The Reformations we need, 502 years after Luther
This past week marked Reformation Sunday, the Lutheran church's annual liturgical commemoration of Martin Luther and his legacy. As we wear red, sing "A Mighty Fortress," and drink strong coffee, we in the Lutheran tradition are not actually celebrating the contributions of a historical figure. Rather, we are reminded of God's dynamic and ceaseless work in the world. It's a Sunday in which we remember that God always calls us to love and to serve - but the specifics of that call are ever-changing.
502 years ago, Martin Luther began a movement to reform the way we thought about church. The Protestant Reformation is not significant because it started a splinter group of denominations. Rather, it is significant because it catalyzed a reconsideration of what it means to be the church in a time of rapid change.
Descended from Luther's tradition, the church of today needs another Reformation. It's been said we need to reform our understanding of social issues, our use of digital technology, and our political stances. All of these may be true, but the Reformation we need today is more expansive. As was the case with Luther's Reformation, the changes the church requires 502 years after Luther won't just change the church's actions, they will change the church's understanding of what it means to live a life of faith in an age of tremendous change and uncertainty.
502 years after Luther, we need a reformation of belonging. Many organizations are intentionally committing to inclusivity while realizing the value that comes from diversity. Meanwhile, the Christian church continues to draw firm boundaries between insiders and outsiders with its antiquated concept of membership. In much of the mainline Protestant tradition, long beholden to a colonialist mindset, membership and attendance metrics remain the focal point of church leaders.
With a reformation of belonging, a church defines itself not by the concept of membership, but by the needs of the community in which the ministry is situated. With this reformed mindset, the ministry is defined not membership nor attendance nor the number of people who look and think like one another. Rather, ministry is defined by the extent to which the church connects and collaborates with its community for the sake of service to the neighbor.
502 years after Luther, we need a reformation of place. Organizations are beginning to understand the depth of relationships that form from hybrid connections, the encounters that happen in both physical and virtual space. Meanwhile, the Christian church continues to insist that the core expression of the tradition takes place in person during a one-hour timeslot on a weekend morning.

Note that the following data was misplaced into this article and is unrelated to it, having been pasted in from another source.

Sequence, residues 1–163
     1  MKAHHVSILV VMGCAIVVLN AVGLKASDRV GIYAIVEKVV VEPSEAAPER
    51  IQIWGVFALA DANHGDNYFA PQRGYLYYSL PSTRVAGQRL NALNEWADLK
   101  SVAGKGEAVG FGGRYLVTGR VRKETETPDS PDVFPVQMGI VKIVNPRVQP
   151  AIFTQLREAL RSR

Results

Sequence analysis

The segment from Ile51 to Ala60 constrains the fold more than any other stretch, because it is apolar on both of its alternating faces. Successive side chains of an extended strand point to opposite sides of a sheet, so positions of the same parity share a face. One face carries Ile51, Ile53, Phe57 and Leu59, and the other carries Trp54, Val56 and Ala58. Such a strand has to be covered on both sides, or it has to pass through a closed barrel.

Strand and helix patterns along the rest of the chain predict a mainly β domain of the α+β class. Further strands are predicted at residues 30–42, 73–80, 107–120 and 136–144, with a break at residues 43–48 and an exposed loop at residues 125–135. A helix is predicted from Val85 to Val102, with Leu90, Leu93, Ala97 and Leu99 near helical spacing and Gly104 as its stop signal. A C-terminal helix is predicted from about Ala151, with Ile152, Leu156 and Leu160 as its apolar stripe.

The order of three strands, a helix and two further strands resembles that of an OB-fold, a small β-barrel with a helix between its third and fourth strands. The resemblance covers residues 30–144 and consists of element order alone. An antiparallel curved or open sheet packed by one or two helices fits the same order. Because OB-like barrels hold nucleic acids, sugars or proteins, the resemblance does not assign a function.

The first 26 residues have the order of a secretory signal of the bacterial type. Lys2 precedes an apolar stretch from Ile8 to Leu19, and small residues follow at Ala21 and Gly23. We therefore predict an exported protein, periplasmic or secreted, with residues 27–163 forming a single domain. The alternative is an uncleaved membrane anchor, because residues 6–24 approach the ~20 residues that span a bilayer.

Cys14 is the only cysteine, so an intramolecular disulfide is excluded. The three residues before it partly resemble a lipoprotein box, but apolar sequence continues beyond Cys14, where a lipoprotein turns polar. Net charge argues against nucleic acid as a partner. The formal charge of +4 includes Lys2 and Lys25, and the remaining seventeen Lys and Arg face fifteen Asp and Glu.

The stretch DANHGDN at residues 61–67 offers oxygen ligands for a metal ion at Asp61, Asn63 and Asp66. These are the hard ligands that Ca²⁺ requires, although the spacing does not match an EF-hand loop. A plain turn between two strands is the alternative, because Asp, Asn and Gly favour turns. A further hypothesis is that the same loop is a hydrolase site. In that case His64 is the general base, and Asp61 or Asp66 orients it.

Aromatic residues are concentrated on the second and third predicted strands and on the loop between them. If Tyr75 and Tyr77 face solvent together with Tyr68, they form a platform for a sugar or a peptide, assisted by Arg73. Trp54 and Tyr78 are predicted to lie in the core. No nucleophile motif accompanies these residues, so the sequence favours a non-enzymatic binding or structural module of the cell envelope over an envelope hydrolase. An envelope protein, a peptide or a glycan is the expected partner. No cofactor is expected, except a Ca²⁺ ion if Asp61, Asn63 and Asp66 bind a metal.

With a reformation of place, ministry is defined not by a building or a timeslot, but by a commitment to live in relationship with digital culture, a culture where the online and face to face experiences have equal standing. Digital connection is no longer seen as shallow or disingenuous. When we reform our understanding of place, we in the church can start to use digital technologies not for marketing and advertising, but for ministry and relationship-building.
Finally, 502 years after Luther, we need a reformation of leadership. It's time to stop depending exclusively on the clergy to steward the Christian tradition. It's time to hear more perspectives on Sunday mornings. Ordained leaders have an important role in today's church, but that role is closer to a coach than a chief executive. The leaders of today's most successful organizations are typically not charismatic, authoritative decision-makers. They are visionary, collaborative facilitators who trust their people and know how to delegate. Still, Sunday mornings seem increasingly like pastoral performances where the community is seen primarily as an audience.
With a reformation in leadership, all who gather for word, sacrament, and service are seen as co-equal contributors. The community collaborates to determine a vision for ministry. Liturgy truly becomes participatory. Attendance and "excellence" are jettisoned, replaced by wide collaboration and deep engagement. The leadership priority is no longer institutional survival. The leadership priority is responding to God's call to be a fountain of grace in a time of division and skepticism. The leadership priority is to return the work of the people, back to the people.
The mighty fortress that is our God is indeed calling the church to change. In Fall 2020, I'll be releasing a book with Fortress Press on these Reformations, and more. Follow this website for more on this important topic!